The MX Brown switches can be considered a lighter version of the MX Blue switch without the audible click. The tactile bump not as nearly as distinct, but it does still provide enough feedback for your fingers to detect when the switch has been activated.
Plate Mounted: MX1A-G1NN
PCB Mounted: MX1A-G1NW
Cherry MX Red (Linear)
No tactile feedback. No click. 45g actuation force.
The MX Red switches are almost identical to the Black switches, but have a softer spring for a much lower actuation force. Although this switch has the same actuation force as the Browns, it feels lighter due to the linear action. Also commonly marketed as a "gamer" switch.
Plate Mounted: MX1A-L1NN
PCB Mounted: MX1A-L1NW
Cherry MX Black (Linear)
No tactile feedback. No click. 60g actuation force.
MX Black switches are linear switches, so they have no tactile feedback unless the switch is "bottomed out," meaning the switch is pressed all the way down. The keystroke is smooth all the way down. The stronger spring is said to help the switch reset faster, which can be useful in some instances where "double tapping" is needed. The stiffer switches may also help with accidental key presses from straying fingers. Commonly marketed as a "gamer" switch.
Plate Mounted: MX1A-11NN
PCB Mounted: MX1A-11NW
Cherry MX Clear (Tactile Bump)
Light tactile feedback. No click. 65g actuation force.
The MX Clear switches can be considered a stronger version of the MX Brown switch. The tactile bump is as more distinct than MX Browns and provides more feedback for your fingers to detect when the switch has been activated.
Plate Mounted: MX1A-C1NN
PCB Mounted: MX1A-C1NW
Zealio 67g (Tactile Bump)
Light tactile feedback. No click. 67g actuation force.
The Zealios switches can be considered a stronger version of the MX Brown switch, but with a more pronounced bump like a MX Clear. The tactile bump is as more distinct than MX Browns and provides more feedback for your fingers to detect when the switch has been activated. All this while having a softer spring that is easier on your fingers.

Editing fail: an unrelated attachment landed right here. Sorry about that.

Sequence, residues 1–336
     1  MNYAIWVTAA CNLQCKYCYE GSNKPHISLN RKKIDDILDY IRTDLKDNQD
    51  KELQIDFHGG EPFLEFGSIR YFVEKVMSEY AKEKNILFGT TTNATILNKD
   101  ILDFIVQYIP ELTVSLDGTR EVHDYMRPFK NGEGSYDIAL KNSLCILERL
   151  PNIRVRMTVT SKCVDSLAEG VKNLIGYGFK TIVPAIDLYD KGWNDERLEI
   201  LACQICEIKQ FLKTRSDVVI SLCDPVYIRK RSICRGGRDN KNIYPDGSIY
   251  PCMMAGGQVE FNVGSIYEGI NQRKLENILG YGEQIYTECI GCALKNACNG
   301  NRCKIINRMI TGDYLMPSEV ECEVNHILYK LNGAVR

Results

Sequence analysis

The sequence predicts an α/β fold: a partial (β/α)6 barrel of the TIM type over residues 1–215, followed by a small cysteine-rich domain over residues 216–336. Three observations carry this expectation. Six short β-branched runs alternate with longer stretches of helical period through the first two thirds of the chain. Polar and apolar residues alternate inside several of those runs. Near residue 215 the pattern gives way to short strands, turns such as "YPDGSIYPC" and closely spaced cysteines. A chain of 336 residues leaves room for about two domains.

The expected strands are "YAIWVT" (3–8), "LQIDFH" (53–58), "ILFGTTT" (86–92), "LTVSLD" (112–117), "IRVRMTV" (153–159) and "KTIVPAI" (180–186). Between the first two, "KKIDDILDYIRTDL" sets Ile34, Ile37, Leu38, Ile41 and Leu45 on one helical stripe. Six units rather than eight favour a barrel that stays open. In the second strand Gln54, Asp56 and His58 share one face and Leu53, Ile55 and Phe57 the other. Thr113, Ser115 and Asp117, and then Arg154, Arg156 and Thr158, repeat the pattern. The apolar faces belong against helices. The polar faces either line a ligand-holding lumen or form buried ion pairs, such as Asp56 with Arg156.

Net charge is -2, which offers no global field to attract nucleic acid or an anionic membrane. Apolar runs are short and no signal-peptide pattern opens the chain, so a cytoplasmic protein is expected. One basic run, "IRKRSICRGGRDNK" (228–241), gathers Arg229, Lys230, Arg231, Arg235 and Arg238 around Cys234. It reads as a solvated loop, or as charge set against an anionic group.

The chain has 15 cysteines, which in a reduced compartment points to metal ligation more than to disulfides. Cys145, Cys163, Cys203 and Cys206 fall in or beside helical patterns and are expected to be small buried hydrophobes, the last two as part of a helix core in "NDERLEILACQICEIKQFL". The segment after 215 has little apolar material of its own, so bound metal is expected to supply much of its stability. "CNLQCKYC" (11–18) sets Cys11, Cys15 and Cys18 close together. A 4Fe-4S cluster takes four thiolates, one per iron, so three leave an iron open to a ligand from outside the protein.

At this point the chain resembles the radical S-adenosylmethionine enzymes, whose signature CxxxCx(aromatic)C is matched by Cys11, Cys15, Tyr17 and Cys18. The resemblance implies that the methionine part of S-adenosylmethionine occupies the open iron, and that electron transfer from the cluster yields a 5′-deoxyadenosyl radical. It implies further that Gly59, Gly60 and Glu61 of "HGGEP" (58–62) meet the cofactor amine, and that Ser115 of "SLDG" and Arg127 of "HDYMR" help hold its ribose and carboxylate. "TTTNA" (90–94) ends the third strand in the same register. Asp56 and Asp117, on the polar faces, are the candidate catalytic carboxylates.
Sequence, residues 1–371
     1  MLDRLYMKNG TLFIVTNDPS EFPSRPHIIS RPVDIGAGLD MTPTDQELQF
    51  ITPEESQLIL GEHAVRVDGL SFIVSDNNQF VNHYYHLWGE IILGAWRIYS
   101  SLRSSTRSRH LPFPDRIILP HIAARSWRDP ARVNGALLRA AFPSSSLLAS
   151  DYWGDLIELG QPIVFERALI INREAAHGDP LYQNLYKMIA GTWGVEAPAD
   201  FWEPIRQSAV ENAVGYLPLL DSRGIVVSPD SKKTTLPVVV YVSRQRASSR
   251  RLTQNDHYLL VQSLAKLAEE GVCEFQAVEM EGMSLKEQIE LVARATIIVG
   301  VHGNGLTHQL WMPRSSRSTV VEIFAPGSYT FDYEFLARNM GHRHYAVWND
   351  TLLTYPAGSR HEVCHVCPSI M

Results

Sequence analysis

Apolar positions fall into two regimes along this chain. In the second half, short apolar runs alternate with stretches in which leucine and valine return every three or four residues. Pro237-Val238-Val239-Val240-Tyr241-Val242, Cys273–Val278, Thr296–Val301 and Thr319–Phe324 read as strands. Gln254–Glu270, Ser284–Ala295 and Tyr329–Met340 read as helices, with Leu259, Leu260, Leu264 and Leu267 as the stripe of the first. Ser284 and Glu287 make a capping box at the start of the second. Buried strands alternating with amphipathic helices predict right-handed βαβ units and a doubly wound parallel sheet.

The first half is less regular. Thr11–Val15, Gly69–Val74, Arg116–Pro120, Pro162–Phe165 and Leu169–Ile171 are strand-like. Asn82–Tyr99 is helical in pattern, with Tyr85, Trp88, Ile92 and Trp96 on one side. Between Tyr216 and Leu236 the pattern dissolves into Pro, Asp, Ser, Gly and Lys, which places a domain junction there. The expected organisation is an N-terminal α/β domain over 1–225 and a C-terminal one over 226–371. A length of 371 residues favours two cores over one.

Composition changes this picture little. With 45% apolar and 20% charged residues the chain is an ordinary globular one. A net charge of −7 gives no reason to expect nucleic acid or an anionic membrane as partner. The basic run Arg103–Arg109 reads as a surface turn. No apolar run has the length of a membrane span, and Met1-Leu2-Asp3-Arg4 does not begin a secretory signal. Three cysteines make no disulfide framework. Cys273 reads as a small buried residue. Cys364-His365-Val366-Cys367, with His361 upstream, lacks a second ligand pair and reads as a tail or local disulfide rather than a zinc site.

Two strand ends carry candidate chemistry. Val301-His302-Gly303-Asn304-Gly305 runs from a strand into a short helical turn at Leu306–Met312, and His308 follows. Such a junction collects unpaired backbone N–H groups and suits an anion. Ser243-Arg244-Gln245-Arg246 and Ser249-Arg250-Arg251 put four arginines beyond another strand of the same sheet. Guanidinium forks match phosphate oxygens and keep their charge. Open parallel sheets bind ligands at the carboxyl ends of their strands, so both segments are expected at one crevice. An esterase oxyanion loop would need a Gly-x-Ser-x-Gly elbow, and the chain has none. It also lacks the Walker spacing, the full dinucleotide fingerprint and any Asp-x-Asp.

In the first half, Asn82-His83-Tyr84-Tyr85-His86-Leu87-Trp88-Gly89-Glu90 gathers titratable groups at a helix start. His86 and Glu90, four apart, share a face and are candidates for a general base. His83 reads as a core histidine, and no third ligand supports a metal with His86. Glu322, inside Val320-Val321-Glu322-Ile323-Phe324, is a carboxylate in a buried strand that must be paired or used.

Cherry MX Speed Silver (Speed Linear)
No tactile feedback. No click. 45g actuation force.
MX silver speed switches are linear switches, so they have no tactile feedback unless the switch is "bottomed out," meaning the switch is pressed all the way down. The keystroke is smooth all the way down. The speed switches have a reduced stroke travel than other MX linear switches to allow you to bottom out more quickly, thus engaging the switch more quickly. Commonly marketed as a "gamer" switch.
Cherry MX Silent-Red (Silent Linear)
No tactile feedback. No click. 45g actuation force.
The MX Silent-Red switches are almost identical to the Red switches, but have a unique internal damper for even quieter operation. If you're looking for the most silent switch we offer, this is the switch to get.
Plate mounted vs. PCB mounted switches
Cherry MX switches are mounted to the keyboard via two popular methods; plate mounted and Printed Circuit Board (PCB) mounted. The most common method for mounting Cherry MX switches to a keyboard is plate mounted. This method allows the housing of the switch to grasp a metal or plastic plate providing a very secure mount, then the switch is soldered into the PCB below the plate. PCB mounted switches have a different molded housing with two prongs that allow it to pass through the PCB before being soldered, these prongs aid in stability when the switch is mounted directly to the PCB.
Costar style vs. Cherry stabilizers